1. By continuing to use the site, you agree to the use of cookies .This website or its third-party tools use cookies, which are necessary to its functioning and required to achieve the purposes illustrated in the cookie policy.Find out more.
    Dismiss Notice
  2. Dismiss Notice
  3. Follow Casinomeister on Twitter | Facebook | YouTube | Casinomeister.us US Residents Click here! |  Svenska Svenska | 
Dismiss Notice
REGISTER NOW!! Why? Because you can't do diddly squat without having been registered!

At the moment you have limited access to view most discussions: you can't make contact with thousands of fellow players, affiliates, casino reps, and all sorts of other riff-raff.

Registration is fast, simple and absolutely free so please, join Casinomeister here!

A family was awarded the rights to 10 rare gold coins possibly worth $80 million

Discussion in 'America the Beautiful' started by rockycatt, Apr 19, 2015.

    Apr 19, 2015
  1. rockycatt

    rockycatt meistercatt CAG MM

    Occupation:
    carpenter
    Location:
    Boston
    Philly Family Wins Back Seized Gold Coins That Could Be Worth $80M


    AP
    The government seized ten rare $20 ``double eagles'' from the family after Joan Langbord said she found them in a safe deposit box once owned by her father, jeweler Israel Switt.
    Updated 2 hours ago
    A family was awarded the rights to 10 rare gold coins possibly worth $80 million or more on Friday after a U.S. appeals court overturned a jury verdict.
    U.S. Department of the Treasury officials insist the $20 Double Eagles were stolen from the U.S. Mint in Philadelphia before the 1933 series was melted down when the country went off the gold standard. They argued that Joan Langbord and her sons cannot lawfully own the coins, which she said she found in a family bank deposit box in 2003.

    Langbord's father, jeweler Israel Switt, had dealings with the Mint in the 1930s and was twice investigated over his coin holdings. A jury in 2012 sided with the government.
    However, the appeals court returned the coins to the Langbords because U.S. officials had not responded within a 90-day limit to the family's seized-property claim, filed in about 2004.

    Family lawyer Barry Berke said: "Congress clearly intended for there to be limits on the government's ability to seek forfeiture of citizens' property, and today's ruling reaffirms that those limits are real and won't be excused when the government violates them."
    Langbord, who's in her mid-80s, worked in her father's store on Jeweler's Row for most of her life. Her sons, entertainment lawyer Roy Langbord, of New York City, and David Langbord, of Virginia Beach, Virginia, joined her in the legal fight.

    They do not plan to comment on the ruling and have not decided whether the coins will be sold, Berke said.
    Sculptor Augustus Saint-Gaudens designed the Double Eagle with a flying eagle on one side and a figure representing liberty on the other.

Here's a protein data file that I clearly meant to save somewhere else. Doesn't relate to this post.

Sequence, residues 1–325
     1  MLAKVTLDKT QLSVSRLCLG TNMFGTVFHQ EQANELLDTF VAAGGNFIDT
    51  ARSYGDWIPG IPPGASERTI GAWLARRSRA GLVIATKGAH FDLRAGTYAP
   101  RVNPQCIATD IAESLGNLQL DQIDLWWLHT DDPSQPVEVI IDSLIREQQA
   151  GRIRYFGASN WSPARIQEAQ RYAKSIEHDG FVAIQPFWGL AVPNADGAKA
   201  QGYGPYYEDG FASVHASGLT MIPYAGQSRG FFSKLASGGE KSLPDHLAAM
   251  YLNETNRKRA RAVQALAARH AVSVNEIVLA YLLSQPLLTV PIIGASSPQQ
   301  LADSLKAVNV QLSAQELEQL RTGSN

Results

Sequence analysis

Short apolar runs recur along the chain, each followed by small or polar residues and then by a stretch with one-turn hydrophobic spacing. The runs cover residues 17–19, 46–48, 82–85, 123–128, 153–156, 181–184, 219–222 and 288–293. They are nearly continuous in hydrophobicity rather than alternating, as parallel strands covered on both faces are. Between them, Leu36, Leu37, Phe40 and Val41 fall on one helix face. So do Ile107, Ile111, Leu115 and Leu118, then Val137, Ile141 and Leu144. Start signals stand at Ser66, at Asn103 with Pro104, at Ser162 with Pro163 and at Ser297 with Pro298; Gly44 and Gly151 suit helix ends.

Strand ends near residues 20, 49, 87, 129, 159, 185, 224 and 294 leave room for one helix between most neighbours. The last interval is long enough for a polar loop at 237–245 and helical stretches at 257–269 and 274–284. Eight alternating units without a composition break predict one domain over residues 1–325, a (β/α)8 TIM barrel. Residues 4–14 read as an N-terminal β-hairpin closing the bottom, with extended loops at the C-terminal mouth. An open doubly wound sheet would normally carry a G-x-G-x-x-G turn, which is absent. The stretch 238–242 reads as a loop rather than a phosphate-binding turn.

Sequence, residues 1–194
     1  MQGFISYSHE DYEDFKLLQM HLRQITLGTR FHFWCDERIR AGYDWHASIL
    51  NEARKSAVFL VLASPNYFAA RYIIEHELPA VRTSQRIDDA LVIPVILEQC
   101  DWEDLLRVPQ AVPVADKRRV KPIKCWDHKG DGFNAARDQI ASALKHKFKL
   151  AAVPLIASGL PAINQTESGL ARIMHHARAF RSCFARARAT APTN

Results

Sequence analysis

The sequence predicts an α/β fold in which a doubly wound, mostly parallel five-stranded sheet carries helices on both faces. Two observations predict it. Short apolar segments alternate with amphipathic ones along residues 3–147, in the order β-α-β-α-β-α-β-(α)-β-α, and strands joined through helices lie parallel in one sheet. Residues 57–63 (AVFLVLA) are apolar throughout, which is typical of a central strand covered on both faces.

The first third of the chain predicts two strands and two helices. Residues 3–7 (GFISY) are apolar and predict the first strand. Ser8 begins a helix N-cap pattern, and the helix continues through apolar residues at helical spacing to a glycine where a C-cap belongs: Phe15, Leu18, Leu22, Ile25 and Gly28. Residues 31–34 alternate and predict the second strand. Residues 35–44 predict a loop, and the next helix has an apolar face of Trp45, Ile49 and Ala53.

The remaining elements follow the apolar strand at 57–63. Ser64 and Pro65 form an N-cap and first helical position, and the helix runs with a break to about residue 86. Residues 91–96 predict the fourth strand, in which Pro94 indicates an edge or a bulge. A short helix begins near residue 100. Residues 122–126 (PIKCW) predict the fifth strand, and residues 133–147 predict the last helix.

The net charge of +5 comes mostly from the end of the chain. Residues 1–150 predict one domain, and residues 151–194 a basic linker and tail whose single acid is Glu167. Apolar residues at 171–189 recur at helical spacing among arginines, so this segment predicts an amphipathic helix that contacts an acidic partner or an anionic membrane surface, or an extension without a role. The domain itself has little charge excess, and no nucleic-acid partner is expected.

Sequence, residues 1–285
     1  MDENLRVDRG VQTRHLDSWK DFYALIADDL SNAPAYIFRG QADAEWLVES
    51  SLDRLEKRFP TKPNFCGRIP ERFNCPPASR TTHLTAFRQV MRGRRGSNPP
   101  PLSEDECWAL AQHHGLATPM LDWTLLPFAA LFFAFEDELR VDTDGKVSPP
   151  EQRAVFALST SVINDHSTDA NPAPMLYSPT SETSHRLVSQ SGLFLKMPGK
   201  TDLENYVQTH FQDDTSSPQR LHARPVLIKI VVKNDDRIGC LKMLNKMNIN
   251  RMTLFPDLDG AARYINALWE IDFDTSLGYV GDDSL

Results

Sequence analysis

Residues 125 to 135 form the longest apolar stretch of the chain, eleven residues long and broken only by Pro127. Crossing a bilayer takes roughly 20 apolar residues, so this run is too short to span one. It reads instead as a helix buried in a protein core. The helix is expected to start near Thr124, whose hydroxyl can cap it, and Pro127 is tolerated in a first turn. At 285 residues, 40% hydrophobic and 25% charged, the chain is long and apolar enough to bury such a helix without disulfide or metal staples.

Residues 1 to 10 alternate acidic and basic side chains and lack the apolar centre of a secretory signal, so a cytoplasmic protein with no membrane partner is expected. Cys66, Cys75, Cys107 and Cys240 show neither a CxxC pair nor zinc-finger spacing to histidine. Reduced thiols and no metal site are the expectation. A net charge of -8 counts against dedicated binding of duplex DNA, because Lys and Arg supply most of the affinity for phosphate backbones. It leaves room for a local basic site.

One Double Eagle, once owned by King Farouk of Egypt, sold in 2002 for $7.6 million, then a record for a coin. Its later owner, a London coin dealer once jailed by the U.S. over it, split the proceeds with the U.S. in a deal brokered by Berke.
    The Langbords offered the government a similar split but were rebuffed.

    The family had taken the coins to the Secret Service in Philadelphia to have them examined, Berke said.
    "They authenticated the coins and said, 'Thank you very much. We will now be keeping them,'" he said.

    The Mint struck nearly a half-million of the Double Eagles in Philadelphia in 1933 but never released them. They were melted into gold bars after President Franklin D. Roosevelt abandoned the gold standard.
    While prosecutors argued to jurors in 2011 that Switt must have stolen the coins with help from a Mint insider, Berke said he could have traded his scrap gold for them.

    The U.S. Department of Justice said it was reviewing its options after Friday's ruling. A Treasury spokeswoman had no comment.
    Switt admitted to the Secret Service in 1944 that he had possessed and sold a set of nine other Double Eagles, which were recovered and destroyed. The surviving Farouk coin is believed to have been a 10th coin from that batch.

    The Mint sent a pair of 1933 Double Eagles to the Smithsonian Institution for its U.S. coin collection.
     
    5 people like this.
  2. Apr 19, 2015
  3. vinylweatherman

    vinylweatherman You type well loads CAG MM

    Occupation:
    STILL At Leisure
    Location:
    United Kingdom
    Strictly speaking, they are only worth the face value of $20. If a dealer chooses to pay more, that's up to them.

    It seems odd that the US government are going to such great lengths to DESTROY what is a rare historical coin, yet it has no effect on the economy in terms of fake money in circulation. Odd too that they can simply presume guilt, rather than prove it, in this case that relates to a possible criminal act in 1933. If they gave two to the Smithsonian, who is to say that a few others were not legitimately given to high profile foreign nationals in a bid to build relations, or even properly traded for their value in gold.

    Whilst the US does it's best to destroy the remaining coins from this aborted issue, they condemn ISIS for the destruction of historical artefacts for religious reasons.

    Now they should accept the appeal verdict, what's the big problem that has the US establishment in such a panic over the prospect of these 10 coins being declared "legal" as collectors items? There are many rich people in the US to whom $80 million is "loose change", yet they seem determined that this ordinary family is put back in it's place, rather than be allowed to enjoy the fruits of a lucky find.

    They even jailed a coin dealer who bought another of these from king Farouk, but why didn't they go after king Farouk himself and seek to jail him?
     

Share This Page